My Insight on MSIX Packaging

I’ve been in the application packaging industry for the past 15 years and I’ve seen many different technologies. Therefore, I’d like to share my thoughts on the new MSIX technology and how that would impact application packaging.

UonCloud has been a part of several packaging projects where we had to build MSIX applications and recently I’ve also attended Microsoft MSIX app attach webinar, which led me to my personal conclusion – MSIX is not ready for enterprises and enterprises are not ready for MSIX.

Nowadays every organization is trying to implement the Modern Device Management platform and part of that implementation is to switch to Modern applications. I believe devices are ready, but unfortunately, it seems that applications are not there yet. The easiest way for enterprises to have applications ready, would be to start fresh, yet we know that’s not possible. Enterprises might have to look at some options replacing their existing applications with new products, preferable SaaS solutions (web-based and mobile apps). But that’s easier said than done, since every enterprise has its historical data, hardware to read data, educational materials, backend databases, and so forth. What can we do then to get there and have Modern applications?

We had different successes stories building MSIX applications and I’m not trying to say “don’t do that”, I am simply trying to warn you, shall you decide to go for it: don’t expect miracles and be ready to embrace both options: of success or failure, because not every application that you have will be compatible with MSIX or supported by a vendor. Even with the newest MSIX, you’ll still need packaging, yet this time you will need to have a slightly different approach because you will need someone senior, a very seasoned packaging expert or perhaps more like application analyst with technical packaging skills if you want to have a higher success rate in MSIX.

MSIX doesn’t give you a lot of options to modify the package unlike you were able to do so with regular MSIs, it’s more of a ‘one-time shot’ situation, install à capture à edit (files or registries) à build. If you have a very simple application, that is already an MSI and it doesn’t have any dependencies or other MSIX limitations, then more often than not, it will work. The issues arise when you don’t have MSI or if MSI consists of complex structure and other dependencies (such as Java, .Net, Oracle, drivers, MSP files, etc.) then you most certainly run into a challenge. I’m not saying it’s not doable but it could be hit or miss.

Enough with concerns, let me offer you my vision on a solution, to ensure you have a higher success rate with MSIX, shall you find my suggestion reasonable.

Firstly you have to build a proper MSI package and only then you can try to capture it with the MSIX tool. This will ensure that you know what you are dealing with and you can make the right decision for your application. In order to do that, you will need an experienced packager, who could tell you if it is compatible with MSIX technology or not before you commit to this process.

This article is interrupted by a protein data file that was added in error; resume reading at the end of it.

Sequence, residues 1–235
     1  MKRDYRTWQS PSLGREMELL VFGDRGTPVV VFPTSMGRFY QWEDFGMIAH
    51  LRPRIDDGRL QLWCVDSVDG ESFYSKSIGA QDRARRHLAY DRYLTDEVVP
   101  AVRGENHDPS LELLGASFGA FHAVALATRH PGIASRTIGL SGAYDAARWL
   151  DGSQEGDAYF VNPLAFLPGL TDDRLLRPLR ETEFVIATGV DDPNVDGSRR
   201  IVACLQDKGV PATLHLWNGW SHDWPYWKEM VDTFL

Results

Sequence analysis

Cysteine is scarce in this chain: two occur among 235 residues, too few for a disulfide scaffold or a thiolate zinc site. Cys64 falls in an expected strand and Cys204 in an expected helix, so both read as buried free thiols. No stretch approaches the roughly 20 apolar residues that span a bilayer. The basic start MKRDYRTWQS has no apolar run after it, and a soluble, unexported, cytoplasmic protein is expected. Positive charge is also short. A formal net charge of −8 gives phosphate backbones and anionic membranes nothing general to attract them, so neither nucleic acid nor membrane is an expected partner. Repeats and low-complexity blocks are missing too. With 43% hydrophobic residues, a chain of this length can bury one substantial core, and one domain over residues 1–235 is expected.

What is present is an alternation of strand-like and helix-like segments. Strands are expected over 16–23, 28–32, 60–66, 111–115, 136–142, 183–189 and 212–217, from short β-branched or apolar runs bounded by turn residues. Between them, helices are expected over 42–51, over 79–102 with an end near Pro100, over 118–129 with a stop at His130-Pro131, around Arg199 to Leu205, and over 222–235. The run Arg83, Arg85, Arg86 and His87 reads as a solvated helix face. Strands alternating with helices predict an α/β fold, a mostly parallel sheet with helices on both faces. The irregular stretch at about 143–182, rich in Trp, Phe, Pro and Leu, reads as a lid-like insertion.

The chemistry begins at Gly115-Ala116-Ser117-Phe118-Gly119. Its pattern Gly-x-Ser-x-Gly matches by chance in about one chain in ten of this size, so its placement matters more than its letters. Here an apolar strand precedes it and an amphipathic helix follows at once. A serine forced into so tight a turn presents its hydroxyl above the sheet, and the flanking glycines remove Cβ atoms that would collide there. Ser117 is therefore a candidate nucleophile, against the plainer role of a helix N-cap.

Here are steps we follow when we build MSIX applications:

1. Vendor delivers MSI or EXE?

  • If you have EXE, then you have to search for MSI inside that EXE installer because vendors very often hide multiple MSIs inside a single EXE installer – by doing so you might discover some dependencies, that may not be compatible with MSIX
  • If you don’t have MSI, then you will have to capture the installation process with repackaging tool (we use Master Repackager – this way you can build a working MSI package that could be compatible with MSIX
  • Of course, other option is to capture EXE with MSIX tool right from the start, but what if you need to change application settings in XML or INI file, if you captured a proper MSI then you can use it as your project file for MSIX
  • If you have MSI, then you can open it with your packaging tools (we use Master Packager to check what’s inside that respective MSI – so you’ll know what you are dealing with

2. Evaluate and check your MSI package against MSIX limitations

  • You can skip this step and build MSIX application from EXE or MSI, however, you might run into the higher probability that you might spend unnecessary time down the road on troubleshooting reasons why it is not working and the worst part is that there is not a lot what you can debug in a first place, as like mentioned, it’s hard to do post-editing after it’s built unlike MSI

3. Build MSIX or stay with MSI

  • Now you can come to a conclusion about your MSI package, will it be a good candidate for MSIX or not and if not, you still can use your MSI package and convert it into Win32 app or LOB app

I strongly believe that with this approach you will have a much higher success rate in building MSIX applications and determining the further strategy for publishing and supporting your applications.

Of course, this approach would become obsolete if ISV would start developing applications compatible with MSIX technology or would provide you directly with MSIX application, but not all vendors are prepared to do that yet and many of them are not even around anymore, yet we still use their software.

I certainly know that some of you will not agree with me and that’s great! Please post your comments and let’s discuss.

Written by: Martins Kurtiss